If you are going to bake them, steam them first. Especially if they have the skin still on. This will reduce the amount of fat, splattering and tendency to smoke and burn before getting crispy.
I am planning on doing a batch of wings this way tomorrow.
Didn't do anything too impressive, just fired up the smoker and smoked the following:
2 whole briskets
1 whole pork loin
~10lbs of chicken breast
2 racks of spareribs
~5lb of sausage
Sadly, the other 2 racks of ribs and ~10lbs of chicken thighs didn't make it into the smoker, next weekend.
I use the Lock&Lock containers for my daughter when I make her a bento style lunch. I have yet to include rice in any of the meals that I send her to school with.
Typically, a bento lunch for her will be cold popcorn chicken, olives, sliced fruit, vegetable sticks, and some dipping sauce. She loves the idea of the individual portions of each. We have also done things like salmon salad, chicken salad. This week, she will have some smoked brisket and maybe some smoked chicken. As the weather gets colder, I will include a thermos of soup, or something else warm for her.
You don't need to stick to a traditional Japanese style bento lunch, the concept is a meal made of individual items.
As far as what to pack the containers into, we just picked up a LLBean lunch box to match her new school backpack.
The thing to remember is to enjoy it, make it fun for yourself.
Lately, I have been packing Bento style lunches for my daughter. She loves it, all of the different little packages of foods she enjoys.
The sandwich thing never really took off with her, but now and then she'll ask for one.
Another thing that she has been enjoying are the sunkist create your own tuna salad packages, comes with tuna, mayo, relish, crackers, a spoon and a mint.
With the Bento style lunches, I have been asked by numerous of her classmates parents about them and what sorts of things have worked well. It's amazing what a little creativity and about 15-20 minutes will come up with. When I send her with this style lunch, I try to get most of it done the night before so the morning is more relaxed.
I have been using my foodsaver so frequently, I had to buy a replacement after 4 years.
They are great, you can buy the rolls of bags at costco while you are buying your bulk packaged foods. The bags are great because once you get a feel for how big you need to store portioned food items, you will waste less.
I use the various canisters I have for storage and wet marinading, the bags for storage and dry marinading. You can also reheat in the bags (think sous vide), freeze in them.
I like being able to buy in bulk and not have to worry about things going off quickly. Think about all the things you buy that you didn't have time to use all of.
I have been buying mine at costco.
As a novel thought, ask your grandson what he wants to bring.
During the summer my daughter (6 years old) goes to a day camp that doesn't provide food. I ask her most nights what she wants to bring. Some days it is salmon salad, others it chicken nugget bento box. As far as the comment about not making lunch a foodie experence, why shouldn't it be an experence?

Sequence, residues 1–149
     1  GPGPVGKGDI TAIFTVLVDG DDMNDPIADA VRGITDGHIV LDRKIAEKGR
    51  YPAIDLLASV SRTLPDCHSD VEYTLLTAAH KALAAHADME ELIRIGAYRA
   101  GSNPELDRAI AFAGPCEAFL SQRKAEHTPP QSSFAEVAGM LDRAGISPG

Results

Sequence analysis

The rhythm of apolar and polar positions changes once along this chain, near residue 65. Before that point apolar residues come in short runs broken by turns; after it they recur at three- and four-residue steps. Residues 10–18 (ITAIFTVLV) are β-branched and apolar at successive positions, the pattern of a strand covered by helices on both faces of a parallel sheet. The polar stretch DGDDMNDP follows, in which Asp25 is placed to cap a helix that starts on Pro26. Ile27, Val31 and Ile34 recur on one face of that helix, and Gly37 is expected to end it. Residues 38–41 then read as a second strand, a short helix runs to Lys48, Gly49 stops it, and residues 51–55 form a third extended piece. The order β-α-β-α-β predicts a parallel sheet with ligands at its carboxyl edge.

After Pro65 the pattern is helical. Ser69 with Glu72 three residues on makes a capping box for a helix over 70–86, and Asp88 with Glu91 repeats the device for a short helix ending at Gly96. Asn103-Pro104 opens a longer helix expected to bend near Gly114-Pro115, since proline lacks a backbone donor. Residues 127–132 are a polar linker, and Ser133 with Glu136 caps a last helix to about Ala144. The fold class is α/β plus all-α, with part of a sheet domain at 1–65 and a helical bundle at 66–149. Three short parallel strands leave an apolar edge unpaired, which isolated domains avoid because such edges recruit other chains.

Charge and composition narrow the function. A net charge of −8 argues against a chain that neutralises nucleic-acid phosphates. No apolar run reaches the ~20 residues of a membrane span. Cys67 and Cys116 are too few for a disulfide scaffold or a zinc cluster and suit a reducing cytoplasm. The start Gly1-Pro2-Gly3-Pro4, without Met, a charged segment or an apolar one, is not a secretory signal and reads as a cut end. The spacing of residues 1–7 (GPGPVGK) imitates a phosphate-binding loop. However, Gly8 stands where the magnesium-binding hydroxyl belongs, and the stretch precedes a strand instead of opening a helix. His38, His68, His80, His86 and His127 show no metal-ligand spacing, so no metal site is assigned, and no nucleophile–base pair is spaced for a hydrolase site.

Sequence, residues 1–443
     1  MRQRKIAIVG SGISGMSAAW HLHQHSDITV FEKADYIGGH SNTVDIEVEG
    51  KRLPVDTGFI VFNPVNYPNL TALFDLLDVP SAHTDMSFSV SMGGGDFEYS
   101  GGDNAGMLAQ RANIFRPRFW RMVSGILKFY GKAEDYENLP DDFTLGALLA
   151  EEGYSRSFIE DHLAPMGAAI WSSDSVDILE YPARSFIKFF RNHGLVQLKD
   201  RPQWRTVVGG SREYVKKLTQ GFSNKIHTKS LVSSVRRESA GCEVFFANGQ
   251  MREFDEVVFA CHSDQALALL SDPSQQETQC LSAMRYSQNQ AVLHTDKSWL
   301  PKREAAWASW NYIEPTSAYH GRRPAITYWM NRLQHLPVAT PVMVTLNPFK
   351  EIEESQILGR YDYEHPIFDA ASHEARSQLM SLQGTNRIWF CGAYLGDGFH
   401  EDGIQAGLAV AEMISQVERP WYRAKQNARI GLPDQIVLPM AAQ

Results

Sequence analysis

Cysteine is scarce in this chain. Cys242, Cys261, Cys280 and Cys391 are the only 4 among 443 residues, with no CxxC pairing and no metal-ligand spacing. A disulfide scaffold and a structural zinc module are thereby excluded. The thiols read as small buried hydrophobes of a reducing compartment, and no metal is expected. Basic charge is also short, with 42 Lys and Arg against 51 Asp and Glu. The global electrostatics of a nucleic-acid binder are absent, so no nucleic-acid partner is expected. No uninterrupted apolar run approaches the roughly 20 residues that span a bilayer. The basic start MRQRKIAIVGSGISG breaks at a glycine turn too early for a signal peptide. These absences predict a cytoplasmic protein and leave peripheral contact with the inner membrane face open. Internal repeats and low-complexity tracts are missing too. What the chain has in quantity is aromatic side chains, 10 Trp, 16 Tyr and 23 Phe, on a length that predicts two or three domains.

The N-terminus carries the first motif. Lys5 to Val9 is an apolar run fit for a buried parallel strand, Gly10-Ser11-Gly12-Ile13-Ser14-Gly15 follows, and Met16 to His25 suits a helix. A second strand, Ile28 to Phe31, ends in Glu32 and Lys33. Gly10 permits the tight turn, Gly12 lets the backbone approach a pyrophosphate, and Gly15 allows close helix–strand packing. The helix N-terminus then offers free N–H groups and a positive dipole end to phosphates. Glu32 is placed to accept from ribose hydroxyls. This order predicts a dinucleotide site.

During the school year, she brings lunch 2 to 3 times a week, some of the parents of her classmates have asked me about the lunches I send with her.
as a former professional chef, I recommend against buying "sets". most of them contain knives you will rarely if ever use.
best thing you can do is buy the pieces you need/use. you will want:
a chef's knife, preferably something with a full tang and riveted handle
a paring knife 3 to 4 inch blade
a utility knikfe like a santuko
a serated knife, i prefer an 8" offset myself. these are good for breads, various fruit including tomatoes.
with all of that said, the brands I recommend are Wustof and Shun, they are the best quality I have had the privillage of using. i still have the 10" chef's knife I bought after graduating culinary school back in 1989, still sharp enough to shave with.
You can reduce the salt level by cutt the amount of soy sauce and using a good rice wine to balance out the liquid ratio.
I will be making this soon.
Slab bacon is uncut bacon.
It is wonderful for many applications such as soups where you want a large dice of bacon in it.
I have found that it stores better this way as well. To use it all you need is a good sharp knife to slice it.
Tonight I roasted some salmon and seabass, served with an asparagus and lemon ravioli and an heirloom tomato, fresh mozzerla salad.
Just a little something to feed the family.
Having cooked professionaly for many years and being able to try out many different knives, my order of preference would be:
In my opinion these are the best made knives available. The Shun's D handle makes it a pleasure to work with for hours on end. The Wustof's ability to hold a sharp edge is unparalleled, I have a 10" chef's knife that I bought almost 20 years ago that is still sharp enought to shave with.
If you know that you are going some where , you can always offer to bring something.
Funny story, my sister in law invited a bunch of family over for some holiday meal, her husband spent time outside burning chicken tips, and then using the same tongs that handled raw chicken, to cook the steak tips . After seeing this, I went inside and quietly whispered in my wife's ear not to eat the beef. Surprisingly, nobody got sick, but after that, when ever my wife's sister was inviting family over for holiday meals, I have done the "what would you like me to make?" thing, and in most cases, I wind up cooking the entire meal and everyone in the family is healthy and happy. Of course this is not the ultimate solution for most people, but considering that I used to cook professionally, it works out and again, the family is happy.